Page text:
Passive Voice

I bet almost everyone has been scolded for using passive voice, either by a teacher, a writing buddy, or an editor. Software designed to help you improve your writing, like Grammarly or Microsoft Word’s spelling and grammar check, often flags text as “passive voice” and encourages you to revise.

Great! Who doesn’t want to be a better writer?

The problem is that passive voice is misunderstood. So what do you need to know?

Basic sentence structure:

Noun (person, place, thing, idea) + Verb (action word)

or

Subject (noun) + Predicate (verb)

Active voice is when the subject is acting:

            The flamingo danced around the stage in high-stepping circles.

Passive voice is when the subject is acted upon:

            The flamingo was danced around the stage in high-stepping circles by the puppeteer.

 The context and my understanding of the scene completely changes based on these examples. In the active voice example, I’m guessing the flamingo is onstage at a zoo or a wildlife exhibit, or that this is a kids’ picture book about dancing flamingos. In the passive voice example, I realize the dancing flamingo is a puppet being manipulated by someone else.

Passive voice is about the author’s voice! That elusive, hard-to-define element that makes every writer unique.

Is it okay to use passive voice?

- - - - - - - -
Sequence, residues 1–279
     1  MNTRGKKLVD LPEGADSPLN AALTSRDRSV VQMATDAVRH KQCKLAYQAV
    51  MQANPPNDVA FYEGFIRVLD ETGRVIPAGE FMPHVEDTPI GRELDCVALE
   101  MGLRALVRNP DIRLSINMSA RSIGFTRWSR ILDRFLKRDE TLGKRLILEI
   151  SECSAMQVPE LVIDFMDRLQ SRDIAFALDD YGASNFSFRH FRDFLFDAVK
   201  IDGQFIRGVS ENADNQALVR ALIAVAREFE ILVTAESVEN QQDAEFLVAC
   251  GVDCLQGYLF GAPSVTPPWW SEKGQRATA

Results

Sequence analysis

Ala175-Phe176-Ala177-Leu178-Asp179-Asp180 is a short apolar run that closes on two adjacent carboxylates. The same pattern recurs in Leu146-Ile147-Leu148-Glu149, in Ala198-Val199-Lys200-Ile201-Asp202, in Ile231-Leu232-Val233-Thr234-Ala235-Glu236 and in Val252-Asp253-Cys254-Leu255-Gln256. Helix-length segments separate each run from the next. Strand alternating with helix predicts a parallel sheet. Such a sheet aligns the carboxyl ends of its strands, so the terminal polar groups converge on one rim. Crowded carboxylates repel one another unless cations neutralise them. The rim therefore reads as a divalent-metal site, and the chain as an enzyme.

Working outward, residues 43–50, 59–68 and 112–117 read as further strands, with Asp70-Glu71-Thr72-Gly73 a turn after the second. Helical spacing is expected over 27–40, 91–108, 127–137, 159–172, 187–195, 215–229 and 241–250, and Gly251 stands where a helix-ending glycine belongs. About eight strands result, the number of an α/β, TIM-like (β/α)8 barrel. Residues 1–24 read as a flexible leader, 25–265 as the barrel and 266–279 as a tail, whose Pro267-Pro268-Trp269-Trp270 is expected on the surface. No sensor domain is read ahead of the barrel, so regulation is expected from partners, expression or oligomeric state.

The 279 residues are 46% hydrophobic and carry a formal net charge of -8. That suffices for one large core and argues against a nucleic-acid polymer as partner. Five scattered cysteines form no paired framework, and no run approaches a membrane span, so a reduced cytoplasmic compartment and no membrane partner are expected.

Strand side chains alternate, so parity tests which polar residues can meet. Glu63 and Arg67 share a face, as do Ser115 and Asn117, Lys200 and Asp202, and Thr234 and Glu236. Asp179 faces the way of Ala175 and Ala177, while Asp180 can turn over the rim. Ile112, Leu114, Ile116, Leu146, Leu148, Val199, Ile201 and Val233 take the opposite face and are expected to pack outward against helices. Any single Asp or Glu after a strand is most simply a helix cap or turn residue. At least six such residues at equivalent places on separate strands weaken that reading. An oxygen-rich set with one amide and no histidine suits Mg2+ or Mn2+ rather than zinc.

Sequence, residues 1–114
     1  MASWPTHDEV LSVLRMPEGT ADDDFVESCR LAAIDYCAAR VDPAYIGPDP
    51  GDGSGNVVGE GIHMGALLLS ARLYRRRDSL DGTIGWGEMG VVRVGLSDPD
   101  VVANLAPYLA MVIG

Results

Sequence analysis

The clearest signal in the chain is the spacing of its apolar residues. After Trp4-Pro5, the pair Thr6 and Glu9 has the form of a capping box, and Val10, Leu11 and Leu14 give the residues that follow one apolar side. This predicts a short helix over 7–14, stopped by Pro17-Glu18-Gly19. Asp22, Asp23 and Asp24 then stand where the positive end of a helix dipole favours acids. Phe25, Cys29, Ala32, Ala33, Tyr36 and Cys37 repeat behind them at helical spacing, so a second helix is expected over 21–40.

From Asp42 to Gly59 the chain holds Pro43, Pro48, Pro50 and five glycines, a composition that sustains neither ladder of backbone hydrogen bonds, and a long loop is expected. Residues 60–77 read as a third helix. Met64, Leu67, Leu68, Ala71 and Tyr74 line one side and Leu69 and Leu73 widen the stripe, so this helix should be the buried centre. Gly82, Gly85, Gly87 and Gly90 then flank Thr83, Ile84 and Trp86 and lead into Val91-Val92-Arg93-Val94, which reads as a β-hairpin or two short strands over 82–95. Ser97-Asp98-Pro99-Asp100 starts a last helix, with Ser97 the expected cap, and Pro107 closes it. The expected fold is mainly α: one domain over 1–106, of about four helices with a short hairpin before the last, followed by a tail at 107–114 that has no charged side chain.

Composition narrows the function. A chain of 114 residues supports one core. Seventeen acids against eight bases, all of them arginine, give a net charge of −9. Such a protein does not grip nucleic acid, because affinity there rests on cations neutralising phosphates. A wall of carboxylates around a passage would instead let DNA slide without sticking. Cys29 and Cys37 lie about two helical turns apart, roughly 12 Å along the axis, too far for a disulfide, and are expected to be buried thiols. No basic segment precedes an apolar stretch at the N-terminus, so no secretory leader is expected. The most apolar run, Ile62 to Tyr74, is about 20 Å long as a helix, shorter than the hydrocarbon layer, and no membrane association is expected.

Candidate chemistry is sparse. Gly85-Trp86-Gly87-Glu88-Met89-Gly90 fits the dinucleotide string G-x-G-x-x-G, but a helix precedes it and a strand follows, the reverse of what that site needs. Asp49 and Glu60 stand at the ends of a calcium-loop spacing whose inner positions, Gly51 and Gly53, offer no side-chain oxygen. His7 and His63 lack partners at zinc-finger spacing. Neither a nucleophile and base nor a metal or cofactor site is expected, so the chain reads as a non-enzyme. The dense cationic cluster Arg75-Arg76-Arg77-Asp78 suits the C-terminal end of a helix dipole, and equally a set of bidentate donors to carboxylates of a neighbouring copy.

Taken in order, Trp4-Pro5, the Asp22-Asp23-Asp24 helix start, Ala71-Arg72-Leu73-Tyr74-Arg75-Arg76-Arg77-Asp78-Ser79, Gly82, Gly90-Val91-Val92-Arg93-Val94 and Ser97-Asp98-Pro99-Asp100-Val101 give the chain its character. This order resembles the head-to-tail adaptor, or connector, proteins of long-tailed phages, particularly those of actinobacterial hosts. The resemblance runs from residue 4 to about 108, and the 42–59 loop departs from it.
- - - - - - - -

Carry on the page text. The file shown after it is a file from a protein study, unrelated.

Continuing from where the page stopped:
Absolutely. Just use it carefully and with intention. If you’re using passive voice without any awareness of doing so, then there are probably better ways to construct your sentences. Consider:

Where do you want to focus the reader’s attention? On the subject or on what is being done to the subject?

For example, if the puppeteer is torturing that poor flamingo, maybe you want to focus on the torture itself, which means you should write the scene in passive voice.

If, on the other hand, you want to focus on the flamingo’s reactions to the torture, then use active voice.

Another instance when you may want to consider passive voice is if you have a character whose arc has a major shift from viewing themselves as a victim to accepting their own agency and taking decisive action. This character’s opening scenes could be written in passive voice to showcase their victimhood, and over time, the scenes shift to active voice to mimic the character’s change.

“Helpful” Programs

Programs that flag “passive voice” sometimes get it wrong. “To be” verbs (is, am, was, were) are not passive verbs. Also, helping verbs are actually about tenses and not voice, a different issue altogether. Review what is flagged, and make decisions carefully about whether to follow the suggested revision.

Photo by Paolo Nicolello on Unsplash